Which Genre, Anyway?
I recently launched a book on the ‘Zon and checked off the applicable genre tags. And discovered that it also appears under a horror sub-genre. “But wait, this isn’t horror! Just because it has…” Um, OK, never mind. But it is still not horror. Or is it?
What separates urban fantasy (UF), paranormal fantasy, paranormal romance (PNR), dark fantasy, and horror? Besides “Does the guy on the cover have a bare chest? If so, PNR.” Although that might change next week, given how publishers keep re-doing genre conventions on covers.
Urban fantasy is the easiest to peg. It is a fantasy world, meaning magic, magical creatures, vampires, were-creatures, and the like, in a mostly realistic modern setting. The Dresden Files is an excellent example. But so are Charles de Lint’s older books Greenmantle, Moonheart and The Onion Girl. Susan Cooper’s The Dark is Rising series could also be considered urban fantasy, although they were written before it became a genre, and are lumped in with YA fantasy. The characters accept magic, and strange goings on are taken in stride in urban fantasy. Not everyone has to believe it, and in some cases efforts are made by the fantastic creatures/people to keep most folks from knowing about the fantasy stuff, but it is part of the world the protagonists are familiar with.
Paranormal romance is romance plus (usually but not always) were-creatures and/or vampires. Twilight is a sweet-ish PNR. For a while you could tell by looking at the cover. If the chick was in form-fitting black leather and either no men or fully-clad men were on the cover, it was urban fantasy. If she was in form-fitting leather and the guys lacked shirts? Paranormal romance. That seems to be shifting a bit, but if you see a shirtless man superimposed on a wild animal, it is paranormal romance. Those follow the romance genre conventions, but with vampires, were-creatures and the like tossed in, and some magic.
Paranormal fantasy seems to be either paranormal romance toned down (sweeter, so no on-screen “adult situations”), or a less common tag for urban fantasy.
Dark Fantasy has strong elements of horror, but unlike horror, the protagonists come to understand and accept magic and magical creatures. Some Gothic fantasies (Gothic fiction elements plus fantasy setting) are dark enough to count. Take a Byronic hero (“mad, bad, and dangerous to know”) of dubious moral quality, an ancestral mansion that has seen better days (the House of Usher), or a grimy town with a secret, toss in magic, and you are close. Dark fantasy can drift close to cosmic horror, with elements of Lovecraftian “things man was never meant to know” lurking on the edges. But it is not horror. The protagonists have an element of control, and good and evil are pretty clear.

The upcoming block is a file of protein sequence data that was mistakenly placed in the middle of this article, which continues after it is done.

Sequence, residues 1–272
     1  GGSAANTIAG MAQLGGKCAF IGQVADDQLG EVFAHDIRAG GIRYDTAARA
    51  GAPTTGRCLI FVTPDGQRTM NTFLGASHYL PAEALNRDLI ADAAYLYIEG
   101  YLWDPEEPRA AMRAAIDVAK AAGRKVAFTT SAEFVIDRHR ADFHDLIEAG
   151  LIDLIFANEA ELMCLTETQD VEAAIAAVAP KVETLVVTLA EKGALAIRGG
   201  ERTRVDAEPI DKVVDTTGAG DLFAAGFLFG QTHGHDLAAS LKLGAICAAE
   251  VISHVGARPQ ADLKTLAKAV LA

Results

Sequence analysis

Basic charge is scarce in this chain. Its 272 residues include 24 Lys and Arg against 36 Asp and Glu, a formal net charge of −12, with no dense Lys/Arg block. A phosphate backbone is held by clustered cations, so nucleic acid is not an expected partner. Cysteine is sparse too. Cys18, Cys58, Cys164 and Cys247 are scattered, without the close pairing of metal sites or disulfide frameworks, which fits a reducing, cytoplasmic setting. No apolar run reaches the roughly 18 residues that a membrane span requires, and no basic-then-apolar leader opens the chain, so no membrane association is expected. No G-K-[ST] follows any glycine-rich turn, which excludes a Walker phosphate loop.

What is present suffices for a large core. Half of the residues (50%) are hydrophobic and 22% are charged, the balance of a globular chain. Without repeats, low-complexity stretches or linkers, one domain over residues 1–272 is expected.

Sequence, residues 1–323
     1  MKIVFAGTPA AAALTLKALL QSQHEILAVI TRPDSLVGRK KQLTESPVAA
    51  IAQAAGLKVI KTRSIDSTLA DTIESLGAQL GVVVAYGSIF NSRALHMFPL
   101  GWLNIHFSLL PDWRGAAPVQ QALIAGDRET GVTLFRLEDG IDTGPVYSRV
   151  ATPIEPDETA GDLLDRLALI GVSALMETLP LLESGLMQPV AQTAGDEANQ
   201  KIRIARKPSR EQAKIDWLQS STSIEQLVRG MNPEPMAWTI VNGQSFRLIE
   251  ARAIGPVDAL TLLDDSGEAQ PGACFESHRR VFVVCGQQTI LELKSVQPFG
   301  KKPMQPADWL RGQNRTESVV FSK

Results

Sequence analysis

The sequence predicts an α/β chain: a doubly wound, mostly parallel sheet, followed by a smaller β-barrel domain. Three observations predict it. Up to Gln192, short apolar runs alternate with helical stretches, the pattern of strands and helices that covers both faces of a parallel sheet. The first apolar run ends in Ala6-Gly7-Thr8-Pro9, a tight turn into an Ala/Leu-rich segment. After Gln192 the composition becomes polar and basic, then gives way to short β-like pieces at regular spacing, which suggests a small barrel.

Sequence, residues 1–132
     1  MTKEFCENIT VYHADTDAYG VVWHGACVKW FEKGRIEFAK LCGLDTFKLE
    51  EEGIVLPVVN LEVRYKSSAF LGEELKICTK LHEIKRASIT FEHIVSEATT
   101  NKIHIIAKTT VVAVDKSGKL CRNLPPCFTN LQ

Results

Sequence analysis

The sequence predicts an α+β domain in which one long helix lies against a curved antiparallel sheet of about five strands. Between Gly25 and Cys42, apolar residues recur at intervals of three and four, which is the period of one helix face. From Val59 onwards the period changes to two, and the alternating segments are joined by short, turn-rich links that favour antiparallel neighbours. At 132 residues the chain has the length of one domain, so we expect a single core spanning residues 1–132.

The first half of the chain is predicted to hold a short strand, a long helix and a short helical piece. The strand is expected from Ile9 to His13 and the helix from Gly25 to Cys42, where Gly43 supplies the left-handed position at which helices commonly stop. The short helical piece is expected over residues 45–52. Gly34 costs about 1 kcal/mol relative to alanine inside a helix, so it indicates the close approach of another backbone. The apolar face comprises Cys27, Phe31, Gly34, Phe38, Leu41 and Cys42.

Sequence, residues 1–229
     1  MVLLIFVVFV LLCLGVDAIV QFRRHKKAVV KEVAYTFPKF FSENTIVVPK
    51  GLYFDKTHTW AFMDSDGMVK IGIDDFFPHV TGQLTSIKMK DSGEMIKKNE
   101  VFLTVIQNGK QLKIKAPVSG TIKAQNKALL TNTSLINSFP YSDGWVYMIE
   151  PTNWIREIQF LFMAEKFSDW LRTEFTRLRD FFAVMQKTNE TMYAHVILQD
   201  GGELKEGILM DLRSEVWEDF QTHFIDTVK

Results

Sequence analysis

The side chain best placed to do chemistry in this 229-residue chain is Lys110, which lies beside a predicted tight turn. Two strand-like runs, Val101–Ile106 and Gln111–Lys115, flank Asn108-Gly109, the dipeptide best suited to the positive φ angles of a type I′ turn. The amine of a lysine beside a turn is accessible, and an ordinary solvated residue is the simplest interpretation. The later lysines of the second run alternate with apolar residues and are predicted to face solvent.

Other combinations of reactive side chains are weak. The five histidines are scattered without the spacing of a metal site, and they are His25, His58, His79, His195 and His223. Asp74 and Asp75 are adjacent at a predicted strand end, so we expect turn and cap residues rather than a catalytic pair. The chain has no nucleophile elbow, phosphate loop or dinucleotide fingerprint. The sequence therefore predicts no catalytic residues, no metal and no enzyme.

Horror can have fantastic elements in it, but it is the mood and strict morality that define horror, no matter how presented. George R. R. Martin’s “The Sand Kings” is science fiction horror, and a heckuva good story. In horror often there is no reason given for why the precipitating event happens. Also, the main character doesn’t accept that the fantasy element is part of the ordinary world. Lovecraftian horror, also called cosmic horror, implies that there are things too enormous for humans to understand, and if they try, the characters go mad. “Sanity rolls” are common in horror. Not in fantasy.
So, Eerily Familiar is urban fantasy, and dark fantasy. The characters use magic, they accept that it is there, there is an element of “Don’t open that door!”, and a Byronic-appearing hero. The talking animals (Familiars), tweed socks, trip to the thaumatovet, and other humor elements nudge it closer to UF, and the plot sequence is not that of a romance. “Familiar Roads” is straight-up urban fantasy.
You might have your own thoughts as to where your book ought to go. Keep in mind that marketing is what determines genre. What are you closest to? Use that for your categories, and then add tags and keywords to tailor things more closely.
An agent’s look at genre. Scroll down for links to more options.
One writer’s take on fantasy sub-genres.